What Does BMW’s Automotive Circular Economy Look Like?

Credit: BMW | BMW i5 M60 xDrive Touring
BMW Group evolves, delivering a range of EVs built on increasingly sustainable principles as Thomas Becker explains the drive towards a circular economy

The circular economy was once a nice concept, now becoming a reality among all industries wherever possible and financially feasible. Such an initiative requires a significant amount of investment in design and consideration in the supply chain to ensure successful implementation. 

BMW Group seems to have begun its journey early on and the result was a beautiful-looking concept that showcased the potential for sustainable materials in car manufacturing, and more responsible choices to be made throughout its supply chain. 

The concept, called i Vision Circular, was released into the public domain in 2021, way before the company had launched its now extensive electric vehicle (EV) product range. Although the BMW i8 marked its debut into electrification, the i Vision Circular brings in concepts that are now feasible in the modern automotive world. 

The concept shows the direction of where BMW is headed, incorporating various sustainable features and sourcing initiatives. 

  • Recycled and recyclable material use in it cars
  • Waste disposal methods that put materials back into the supply chain 
  • Reducing its water consumption per vehicle produced 
  • Designing in such a way that reduces the quantity of materials and leverages them in a creative way 

Why is automotive focused on the circular economy? 

BMW’s case pretty much echoes the industry as all companies are plagued by a number of impending problems. First is the deadline to ban the sale of fossil-fuel-powered vehicles by the end of the decade—2040 for some countries—and other is the stringent supply of high-value resources to achieve this.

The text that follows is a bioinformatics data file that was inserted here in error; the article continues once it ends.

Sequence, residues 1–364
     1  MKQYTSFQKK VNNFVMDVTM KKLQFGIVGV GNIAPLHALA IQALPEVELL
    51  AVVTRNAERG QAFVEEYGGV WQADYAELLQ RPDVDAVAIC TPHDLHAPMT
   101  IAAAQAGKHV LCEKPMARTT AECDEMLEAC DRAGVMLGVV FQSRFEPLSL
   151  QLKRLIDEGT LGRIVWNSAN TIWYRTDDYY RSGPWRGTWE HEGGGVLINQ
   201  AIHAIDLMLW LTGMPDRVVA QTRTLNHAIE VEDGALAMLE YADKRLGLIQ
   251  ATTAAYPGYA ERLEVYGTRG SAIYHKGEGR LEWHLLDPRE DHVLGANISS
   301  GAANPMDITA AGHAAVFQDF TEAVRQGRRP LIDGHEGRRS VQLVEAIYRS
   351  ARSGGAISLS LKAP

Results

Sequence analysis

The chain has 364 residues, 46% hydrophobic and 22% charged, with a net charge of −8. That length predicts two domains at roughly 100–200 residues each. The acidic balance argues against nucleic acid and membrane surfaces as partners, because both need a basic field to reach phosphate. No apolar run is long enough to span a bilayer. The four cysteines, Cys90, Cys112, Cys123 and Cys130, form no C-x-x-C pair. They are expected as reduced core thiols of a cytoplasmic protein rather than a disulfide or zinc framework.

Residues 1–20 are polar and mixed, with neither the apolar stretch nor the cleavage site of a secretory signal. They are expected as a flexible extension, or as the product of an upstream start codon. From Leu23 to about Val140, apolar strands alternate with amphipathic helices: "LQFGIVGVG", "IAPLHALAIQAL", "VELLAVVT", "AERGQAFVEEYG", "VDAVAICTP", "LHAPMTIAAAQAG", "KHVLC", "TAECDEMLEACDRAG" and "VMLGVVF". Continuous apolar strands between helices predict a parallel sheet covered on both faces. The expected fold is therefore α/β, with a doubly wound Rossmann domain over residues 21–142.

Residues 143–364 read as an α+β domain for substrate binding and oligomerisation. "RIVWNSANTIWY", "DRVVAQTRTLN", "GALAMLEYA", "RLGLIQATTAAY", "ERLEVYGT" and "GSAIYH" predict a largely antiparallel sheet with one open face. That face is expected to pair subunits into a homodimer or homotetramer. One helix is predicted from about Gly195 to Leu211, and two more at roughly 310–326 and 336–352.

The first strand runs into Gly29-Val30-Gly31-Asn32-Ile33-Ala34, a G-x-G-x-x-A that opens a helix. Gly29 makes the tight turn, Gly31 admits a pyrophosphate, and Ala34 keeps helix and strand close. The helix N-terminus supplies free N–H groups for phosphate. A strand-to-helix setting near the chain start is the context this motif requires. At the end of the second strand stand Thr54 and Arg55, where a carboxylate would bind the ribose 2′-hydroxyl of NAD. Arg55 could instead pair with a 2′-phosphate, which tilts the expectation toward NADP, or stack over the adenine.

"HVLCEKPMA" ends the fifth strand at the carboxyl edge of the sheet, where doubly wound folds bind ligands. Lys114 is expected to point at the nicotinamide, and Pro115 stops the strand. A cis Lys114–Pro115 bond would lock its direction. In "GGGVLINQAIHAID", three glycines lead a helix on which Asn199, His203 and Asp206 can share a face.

The body components of cars can, and will, be made from circular materials or secondary materials as a means of reducing the impact of manufacturing on precious new resources. However, this isn’t new to the industry. 

The European Commission (EC) highlights that, in 2021, the percentage of recycling or recovery of end-of-life materials was around 90% across the European Union (EU). Component recovery led the way as parts are extracted from end-of-life passenger and light-duty vehicles and used in similar vehicles as pre-owned parts. 

Recycling was still very high on the agenda with the Czech Republic leading the way in component recovery and circular practices. 

BMW’s strategy for circularity in automotive 

BMW's strategy for a circular economy focuses on minimising resource consumption and maximising the reuse and recycling of materials throughout the vehicle lifecycle. This includes designing vehicles for recyclability, using renewable and recycled materials, increasing the use of secondary materials, optimising production processes for efficiency, extending vehicle lifespans, and enhancing recycling practices for end-of-life vehicles. 

The company’s Chairman Oliver Zipse previously said: “The future of the BMW Group is circular—and the NEUE KLASSE brings us another step closer to this objective. To achieve this, we are applying the principles of the circular economy even more systematically throughout the entire lifecycle of the future vehicle generation”.

The aim is to reduce dependence on primary raw materials, decrease carbon footprints, and contribute to a more sustainable future. For a detailed outline, please visit the BMW Group's official page on circular economy​.

By 2023, the BMW Group will offer its customers 13 fully electric models. “For us, sustainability means much more than just building and selling electric vehicles,” says Thomas Becker, Head of Sustainability and Urban Mobility at the BMW Group. “The bottom line is that only a comprehensive approach to sustainability, from resources to recycling, will actually reduce CO2 emissions.”


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